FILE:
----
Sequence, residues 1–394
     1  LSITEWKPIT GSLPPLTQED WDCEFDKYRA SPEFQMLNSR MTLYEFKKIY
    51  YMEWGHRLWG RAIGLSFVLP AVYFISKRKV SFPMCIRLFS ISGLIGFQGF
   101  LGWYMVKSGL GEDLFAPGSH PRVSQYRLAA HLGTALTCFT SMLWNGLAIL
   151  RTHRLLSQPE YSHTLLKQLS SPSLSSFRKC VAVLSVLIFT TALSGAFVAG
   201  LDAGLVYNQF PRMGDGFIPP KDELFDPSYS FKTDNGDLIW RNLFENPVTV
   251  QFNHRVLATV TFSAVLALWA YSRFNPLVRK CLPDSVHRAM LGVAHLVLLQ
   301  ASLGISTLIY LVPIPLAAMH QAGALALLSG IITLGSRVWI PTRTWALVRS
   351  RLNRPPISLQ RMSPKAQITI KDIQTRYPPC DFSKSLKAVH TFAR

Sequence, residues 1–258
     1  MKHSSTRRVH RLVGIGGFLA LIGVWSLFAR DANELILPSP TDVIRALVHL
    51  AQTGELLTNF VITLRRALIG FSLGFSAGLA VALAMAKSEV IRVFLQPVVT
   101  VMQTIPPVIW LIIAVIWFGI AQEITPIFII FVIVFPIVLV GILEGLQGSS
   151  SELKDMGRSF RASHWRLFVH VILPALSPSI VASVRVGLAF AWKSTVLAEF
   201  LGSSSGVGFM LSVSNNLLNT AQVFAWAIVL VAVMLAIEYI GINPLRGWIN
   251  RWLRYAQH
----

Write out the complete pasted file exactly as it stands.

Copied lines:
Sequence, residues 1–394
     1  LSITEWKPIT GSLPPLTQED WDCEFDKYRA SPEFQMLNSR MTLYEFKKIY
    51  YMEWGHRLWG RAIGLSFVLP AVYFISKRKV SFPMCIRLFS ISGLIGFQGF
   101  LGWYMVKSGL GEDLFAPGSH PRVSQYRLAA HLGTALTCFT SMLWNGLAIL
   151  RTHRLLSQPE YSHTLLKQLS SPSLSSFRKC VAVLSVLIFT TALSGAFVAG
   201  LDAGLVYNQF PRMGDGFIPP KDELFDPSYS FKTDNGDLIW RNLFENPVTV
   251  QFNHRVLATV TFSAVLALWA YSRFNPLVRK CLPDSVHRAM LGVAHLVLLQ
   301  ASLGISTLIY LVPIPLAAMH QAGALALLSG IITLGSRVWI PTRTWALVRS
   351  RLNRPPISLQ RMSPKAQITI KDIQTRYPPC DFSKSLKAVH TFAR

Sequence, residues 1–258
     1  MKHSSTRRVH RLVGIGGFLA LIGVWSLFAR DANELILPSP TDVIRALVHL
    51  AQTGELLTNF VITLRRALIG FSLGFSAGLA VALAMAKSEV IRVFLQPVVT
   101  VMQTIPPVIW LIIAVIWFGI AQEITPIFII FVIVFPIVLV GILEGLQGSS
   151  SELKDMGRSF RASHWRLFVH VILPALSPSI VASVRVGLAF AWKSTVLAEF
   201  LGSSSGVGFM LSVSNNLLNT AQVFAWAIVL VAVMLAIEYI GINPLRGWIN
   251  RWLRYAQH